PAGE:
Gellman et al. classified the SPA into two categories as complete and incomplete. In complete arch there will be an anastomosis between vessels constituting it. There will be an absence of a communication or anastomosis between the vessels constituting it in incomplete arch. This classification is simple and understandable for many anatomists and researchers and is currently in use . Ikeda et al. reported 3.6% incomplete forms in their observations , Coleman and Anson found 21.5% incomplete form out of 650 cases . In a 500 hands study by Janevski et al., the complete arches were seen in 75% and incomplete arches in 25% of subjects . SPA alone formed by ulnar artery (ulnar dominance) was reported by Coleman and Anson as 37% , Jelicic et al. as 10%  and by Ikeda et al. as 25.5% . Tagil et al. noticed that the most consistent incomplete form was the ulnar artery alone forming SPA which was seen in 20% of subjects .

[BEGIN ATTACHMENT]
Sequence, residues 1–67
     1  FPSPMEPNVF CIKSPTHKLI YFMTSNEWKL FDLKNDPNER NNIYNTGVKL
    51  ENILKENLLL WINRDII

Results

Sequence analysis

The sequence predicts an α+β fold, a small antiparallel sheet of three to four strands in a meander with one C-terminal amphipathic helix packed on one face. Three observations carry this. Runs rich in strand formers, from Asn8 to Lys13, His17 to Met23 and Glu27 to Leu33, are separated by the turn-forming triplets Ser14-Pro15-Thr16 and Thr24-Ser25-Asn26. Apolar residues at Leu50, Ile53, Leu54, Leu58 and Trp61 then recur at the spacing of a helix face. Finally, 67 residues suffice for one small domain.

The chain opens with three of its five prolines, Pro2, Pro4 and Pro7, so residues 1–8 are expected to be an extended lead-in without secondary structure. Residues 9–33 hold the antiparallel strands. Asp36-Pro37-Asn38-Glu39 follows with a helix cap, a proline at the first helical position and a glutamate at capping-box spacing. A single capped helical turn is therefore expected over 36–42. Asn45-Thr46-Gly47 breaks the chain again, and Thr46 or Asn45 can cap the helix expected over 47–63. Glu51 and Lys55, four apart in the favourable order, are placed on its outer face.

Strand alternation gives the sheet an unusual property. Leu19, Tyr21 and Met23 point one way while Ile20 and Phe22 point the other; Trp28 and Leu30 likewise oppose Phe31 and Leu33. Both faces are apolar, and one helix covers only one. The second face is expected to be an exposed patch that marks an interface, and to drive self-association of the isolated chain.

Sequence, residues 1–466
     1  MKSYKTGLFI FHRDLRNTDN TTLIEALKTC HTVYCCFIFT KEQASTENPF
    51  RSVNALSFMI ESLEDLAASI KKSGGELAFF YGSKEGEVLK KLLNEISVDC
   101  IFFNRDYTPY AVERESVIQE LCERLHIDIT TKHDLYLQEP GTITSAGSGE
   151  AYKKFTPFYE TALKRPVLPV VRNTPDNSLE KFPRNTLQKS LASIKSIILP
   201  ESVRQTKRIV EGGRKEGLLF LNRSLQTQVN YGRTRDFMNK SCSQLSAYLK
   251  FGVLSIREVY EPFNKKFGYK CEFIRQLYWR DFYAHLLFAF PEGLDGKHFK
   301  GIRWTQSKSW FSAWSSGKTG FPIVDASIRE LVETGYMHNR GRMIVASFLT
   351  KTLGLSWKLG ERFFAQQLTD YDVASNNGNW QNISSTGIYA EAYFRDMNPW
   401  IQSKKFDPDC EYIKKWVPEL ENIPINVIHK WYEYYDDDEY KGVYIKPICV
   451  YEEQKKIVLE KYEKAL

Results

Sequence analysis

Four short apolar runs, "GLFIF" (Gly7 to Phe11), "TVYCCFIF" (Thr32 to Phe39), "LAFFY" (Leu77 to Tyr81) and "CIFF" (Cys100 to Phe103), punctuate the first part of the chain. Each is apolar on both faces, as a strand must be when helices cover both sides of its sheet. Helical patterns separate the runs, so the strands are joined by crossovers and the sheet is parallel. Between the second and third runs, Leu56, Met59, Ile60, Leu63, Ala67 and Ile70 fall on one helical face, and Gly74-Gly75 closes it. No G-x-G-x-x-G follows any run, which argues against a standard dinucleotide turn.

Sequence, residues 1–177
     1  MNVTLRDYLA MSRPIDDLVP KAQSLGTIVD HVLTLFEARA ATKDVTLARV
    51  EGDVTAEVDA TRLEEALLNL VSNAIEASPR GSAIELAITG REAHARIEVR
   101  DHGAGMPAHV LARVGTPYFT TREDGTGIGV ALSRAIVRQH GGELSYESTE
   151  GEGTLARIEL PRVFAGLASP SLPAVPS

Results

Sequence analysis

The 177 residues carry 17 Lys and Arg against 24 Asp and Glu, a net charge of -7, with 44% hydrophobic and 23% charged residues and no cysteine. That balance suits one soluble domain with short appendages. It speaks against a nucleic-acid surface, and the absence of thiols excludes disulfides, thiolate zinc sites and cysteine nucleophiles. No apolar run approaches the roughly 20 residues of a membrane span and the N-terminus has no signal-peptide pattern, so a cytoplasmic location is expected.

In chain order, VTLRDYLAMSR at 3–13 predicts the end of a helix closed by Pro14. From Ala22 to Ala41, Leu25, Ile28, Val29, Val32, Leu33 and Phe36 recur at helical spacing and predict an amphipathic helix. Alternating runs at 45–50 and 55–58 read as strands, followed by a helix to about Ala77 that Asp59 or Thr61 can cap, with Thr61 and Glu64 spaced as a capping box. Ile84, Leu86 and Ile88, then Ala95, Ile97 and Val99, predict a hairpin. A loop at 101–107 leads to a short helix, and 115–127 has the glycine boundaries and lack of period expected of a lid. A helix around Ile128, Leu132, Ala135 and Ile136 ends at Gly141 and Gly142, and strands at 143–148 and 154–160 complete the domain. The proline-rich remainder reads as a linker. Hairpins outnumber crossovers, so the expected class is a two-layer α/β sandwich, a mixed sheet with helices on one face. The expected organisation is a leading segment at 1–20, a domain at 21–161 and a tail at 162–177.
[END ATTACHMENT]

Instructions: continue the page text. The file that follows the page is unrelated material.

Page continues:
Erbil et al. described the SPA providing blood supply to the thumb and index fingers through the APP and ARI arteries in five cases in their study . Gajisin and Zbrodowski did not refer to many branches from the SPA supplying the first web space out of 200 specimens study. They did not mention the nomenclature of APP and ARI to the arteries supplying thumb and index fingers, if they were not from the deep palmar arch . There is a report of superficial palmar branch of the radial artery terminating in the thenar muscles without any contribution to the SPA . Turk and Metcalf found that in addition to the common palmar digital arteries to the II., III. and IV. interdigital spaces, they found a branch from the SPA supplying the ulnar side of the thumb and the radial side of the index finger and they named it as the first common metacarpal artery . The nomenclatures of the arteries originating from SPA supplying the thumb and index fingers have to be discussed because of their surgical importance.